From the hills of Jerusalem, we are seeing with our own eyes the signs of climate change in the ecology of Israel. As the Times of Israel reported yesterday, “Record-breaking heat wave hits Israel, sparks brush fires.” The Israeli Meteorological Service stated that the Habesor station in the south of Israel recorded a temperature of 44.3°C (112 F), the highest recording there since the IMS began measuring there in 1975. Beyond the headlines of the political, national, and religious tension in this land, a much bigger phenomenon has impacted Israelis and Palestinians alike. With 2014 ranking as the earth’s warmest year on record[1], the weather over the past year has been somewhat abnormal, which aligns with how scientists predict climate change will impact this region.

Faith communities and interfaith environmental cooperation can help address the climate crisis. In the Holy Land, passion runs deeply for holy sites and questions of who controls what land. But a deeper question is: can we live and create a reality in which people will care so much about the land itself, this planet, and the future of everyone living on it that they will devote themselves to ensuring that it stays in balance? We hope and pray that we can.

Tracing Climate Change Over the Past 18 Months

The winter of 2013-2014 was marked by unusually dry weather but interrupted by two powerful storms. First, December 2013’s winter storm Alexa garnered worldwide attention when Israel received its heaviest December snowfall since 1953 (and Cairo its first snow in more than 100 years!). Jerusalem’s Mayor Nir Barkat remarked about the storm, “In my 54 years I don’t remember a sight like this; such an amount I cannot recall.”

Old City in SnowTorrential rains followed, causing discomfort for some and unbearable devastation for others. Food and relief agencies, for example, were unable fully to meet humanitarian demands of refugees. But from small-scale challenges like local power outages to large-scale inconveniences such as a temporary ban of tankers from crossing the Bosphorus Strait, the effects of Alexa were felt in the entire Eastern Mediterranean basin.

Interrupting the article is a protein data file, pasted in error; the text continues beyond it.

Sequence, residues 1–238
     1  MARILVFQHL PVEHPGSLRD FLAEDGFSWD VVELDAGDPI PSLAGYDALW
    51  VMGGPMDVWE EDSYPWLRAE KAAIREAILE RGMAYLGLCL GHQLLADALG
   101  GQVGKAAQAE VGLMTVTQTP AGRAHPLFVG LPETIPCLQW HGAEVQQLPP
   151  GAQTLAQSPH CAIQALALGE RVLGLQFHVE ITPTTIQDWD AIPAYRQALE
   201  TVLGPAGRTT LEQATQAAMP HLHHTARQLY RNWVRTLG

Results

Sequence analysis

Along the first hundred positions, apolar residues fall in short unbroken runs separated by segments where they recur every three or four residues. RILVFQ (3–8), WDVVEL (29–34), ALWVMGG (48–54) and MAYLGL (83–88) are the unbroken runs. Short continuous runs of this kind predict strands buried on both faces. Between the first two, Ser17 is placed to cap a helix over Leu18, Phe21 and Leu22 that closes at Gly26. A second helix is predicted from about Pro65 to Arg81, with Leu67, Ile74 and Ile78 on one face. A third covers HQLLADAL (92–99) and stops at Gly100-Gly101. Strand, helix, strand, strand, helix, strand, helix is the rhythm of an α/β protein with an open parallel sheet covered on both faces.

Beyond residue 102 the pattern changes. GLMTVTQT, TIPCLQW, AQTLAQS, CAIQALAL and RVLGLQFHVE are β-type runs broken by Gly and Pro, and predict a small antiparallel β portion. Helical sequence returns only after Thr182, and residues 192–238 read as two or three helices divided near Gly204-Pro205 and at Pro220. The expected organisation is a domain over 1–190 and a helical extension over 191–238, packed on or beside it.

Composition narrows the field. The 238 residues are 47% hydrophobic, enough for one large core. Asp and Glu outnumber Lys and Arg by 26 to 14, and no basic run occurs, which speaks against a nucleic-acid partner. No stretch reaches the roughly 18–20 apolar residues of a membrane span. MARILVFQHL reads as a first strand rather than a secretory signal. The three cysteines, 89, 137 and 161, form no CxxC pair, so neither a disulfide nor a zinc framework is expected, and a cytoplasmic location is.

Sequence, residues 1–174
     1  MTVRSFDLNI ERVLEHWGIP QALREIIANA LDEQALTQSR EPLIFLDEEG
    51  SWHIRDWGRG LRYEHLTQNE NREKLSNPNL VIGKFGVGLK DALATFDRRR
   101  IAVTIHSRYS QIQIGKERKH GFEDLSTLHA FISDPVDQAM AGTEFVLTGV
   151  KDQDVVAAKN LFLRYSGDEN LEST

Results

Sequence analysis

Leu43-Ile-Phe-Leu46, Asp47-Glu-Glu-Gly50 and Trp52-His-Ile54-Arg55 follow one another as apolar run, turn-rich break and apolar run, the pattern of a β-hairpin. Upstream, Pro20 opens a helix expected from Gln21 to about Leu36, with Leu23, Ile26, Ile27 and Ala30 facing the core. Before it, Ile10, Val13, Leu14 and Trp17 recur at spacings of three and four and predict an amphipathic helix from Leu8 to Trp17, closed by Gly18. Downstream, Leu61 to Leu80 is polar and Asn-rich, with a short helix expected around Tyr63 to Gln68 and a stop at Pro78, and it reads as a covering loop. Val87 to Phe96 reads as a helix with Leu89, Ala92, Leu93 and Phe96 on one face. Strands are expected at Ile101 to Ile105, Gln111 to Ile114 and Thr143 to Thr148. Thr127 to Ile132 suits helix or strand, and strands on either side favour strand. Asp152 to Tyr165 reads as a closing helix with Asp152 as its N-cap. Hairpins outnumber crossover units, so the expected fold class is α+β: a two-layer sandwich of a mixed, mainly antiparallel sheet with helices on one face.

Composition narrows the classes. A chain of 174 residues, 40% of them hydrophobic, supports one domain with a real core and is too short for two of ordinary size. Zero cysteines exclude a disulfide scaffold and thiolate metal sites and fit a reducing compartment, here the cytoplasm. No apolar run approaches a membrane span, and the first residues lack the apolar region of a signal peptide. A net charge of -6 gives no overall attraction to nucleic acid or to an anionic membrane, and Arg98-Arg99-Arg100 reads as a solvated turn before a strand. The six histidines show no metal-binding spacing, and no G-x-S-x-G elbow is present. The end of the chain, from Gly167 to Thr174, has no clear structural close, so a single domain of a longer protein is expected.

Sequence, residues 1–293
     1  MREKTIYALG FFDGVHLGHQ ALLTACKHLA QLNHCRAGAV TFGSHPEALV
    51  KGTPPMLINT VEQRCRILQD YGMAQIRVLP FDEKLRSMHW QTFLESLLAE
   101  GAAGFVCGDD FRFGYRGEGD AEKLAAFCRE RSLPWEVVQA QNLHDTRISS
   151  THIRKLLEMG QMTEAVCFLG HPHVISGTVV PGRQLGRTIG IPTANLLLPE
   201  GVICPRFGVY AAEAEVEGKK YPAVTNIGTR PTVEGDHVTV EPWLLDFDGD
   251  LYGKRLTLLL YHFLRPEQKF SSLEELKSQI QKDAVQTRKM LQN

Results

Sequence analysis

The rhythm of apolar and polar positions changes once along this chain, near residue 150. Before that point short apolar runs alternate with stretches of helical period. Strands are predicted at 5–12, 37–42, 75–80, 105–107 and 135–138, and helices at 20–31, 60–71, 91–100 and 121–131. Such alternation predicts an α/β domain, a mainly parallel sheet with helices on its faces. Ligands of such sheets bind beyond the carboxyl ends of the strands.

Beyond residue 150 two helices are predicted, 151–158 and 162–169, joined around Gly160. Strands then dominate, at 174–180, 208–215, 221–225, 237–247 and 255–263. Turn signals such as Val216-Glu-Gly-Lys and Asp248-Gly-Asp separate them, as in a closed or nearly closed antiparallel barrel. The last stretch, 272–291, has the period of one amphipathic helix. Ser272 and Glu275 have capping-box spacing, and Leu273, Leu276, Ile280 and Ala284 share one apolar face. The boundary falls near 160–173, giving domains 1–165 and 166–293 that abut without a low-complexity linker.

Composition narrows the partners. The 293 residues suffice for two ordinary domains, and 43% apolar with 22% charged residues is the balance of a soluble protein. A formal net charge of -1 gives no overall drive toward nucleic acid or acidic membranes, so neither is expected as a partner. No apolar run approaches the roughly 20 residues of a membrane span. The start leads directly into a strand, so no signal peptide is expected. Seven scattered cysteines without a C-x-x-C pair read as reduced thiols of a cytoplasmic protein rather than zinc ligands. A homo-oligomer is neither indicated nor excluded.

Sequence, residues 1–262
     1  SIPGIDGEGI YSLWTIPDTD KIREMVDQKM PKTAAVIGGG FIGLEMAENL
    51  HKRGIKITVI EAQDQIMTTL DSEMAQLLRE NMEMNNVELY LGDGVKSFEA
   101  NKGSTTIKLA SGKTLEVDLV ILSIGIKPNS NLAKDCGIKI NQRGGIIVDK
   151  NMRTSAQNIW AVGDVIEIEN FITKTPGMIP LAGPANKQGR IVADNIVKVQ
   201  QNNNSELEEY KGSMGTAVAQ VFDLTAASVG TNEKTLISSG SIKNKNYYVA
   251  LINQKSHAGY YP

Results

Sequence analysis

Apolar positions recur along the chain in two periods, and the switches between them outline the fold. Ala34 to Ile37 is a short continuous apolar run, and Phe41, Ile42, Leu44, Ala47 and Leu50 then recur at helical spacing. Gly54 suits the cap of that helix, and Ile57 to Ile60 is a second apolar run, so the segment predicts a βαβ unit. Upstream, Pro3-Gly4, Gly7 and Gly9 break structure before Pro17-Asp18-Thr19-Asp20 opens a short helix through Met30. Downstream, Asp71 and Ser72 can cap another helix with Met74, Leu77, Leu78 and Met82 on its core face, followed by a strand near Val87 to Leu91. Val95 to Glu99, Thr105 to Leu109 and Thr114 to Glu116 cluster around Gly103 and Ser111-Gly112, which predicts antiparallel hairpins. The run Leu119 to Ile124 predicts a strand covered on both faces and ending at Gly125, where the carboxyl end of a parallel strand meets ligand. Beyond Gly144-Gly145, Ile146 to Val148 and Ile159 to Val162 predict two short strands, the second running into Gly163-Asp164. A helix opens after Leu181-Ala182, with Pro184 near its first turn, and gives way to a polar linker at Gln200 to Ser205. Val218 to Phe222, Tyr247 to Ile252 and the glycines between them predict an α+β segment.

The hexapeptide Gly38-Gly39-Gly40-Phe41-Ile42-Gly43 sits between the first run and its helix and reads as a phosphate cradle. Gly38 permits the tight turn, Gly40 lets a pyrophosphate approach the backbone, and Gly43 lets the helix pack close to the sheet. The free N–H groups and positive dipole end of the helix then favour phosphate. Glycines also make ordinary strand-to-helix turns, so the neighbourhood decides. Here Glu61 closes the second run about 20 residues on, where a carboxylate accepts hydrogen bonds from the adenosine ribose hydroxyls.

Snow in Jerusalem outside of Old City

Five months later, heavy downpours made May 8th the wettest day in May in Israel’s history. Hundreds were stranded on highways; flash flooding prompted Route 90 to close in areas along the Dead Sea; and massive flooding ensued in Gaza and the Negev. In the south, Arad received 44 mm of rain – 40 times its average for the time of year; and in the north, the Sea of Galilee rose 25 mm (one inch). In 2013, there was virtually no rain in November, while this year the Israel Meteorological Society reported that November 2014 has delivered more rain to central Israel than any other rainy season in the last two decades.

Jerusalem Storm Dec. '13

What This Can Teach Us

What can we learn from such seemingly irregular weather occurrences? The unusual patterns of precipitation in Israel and the wider region serve as evidence of global climate change unfolding before our eyes. Extreme weather events are consistent with the Intergovernmental Panel on Climate Change’s (IPCC) predictions. And contrary to what torrential storms might suggest, the Mediterranean Basin has actually experienced a warming and drying trend since the 1960s, a phenomena also in alignment with the IPCC’s expectations.[2]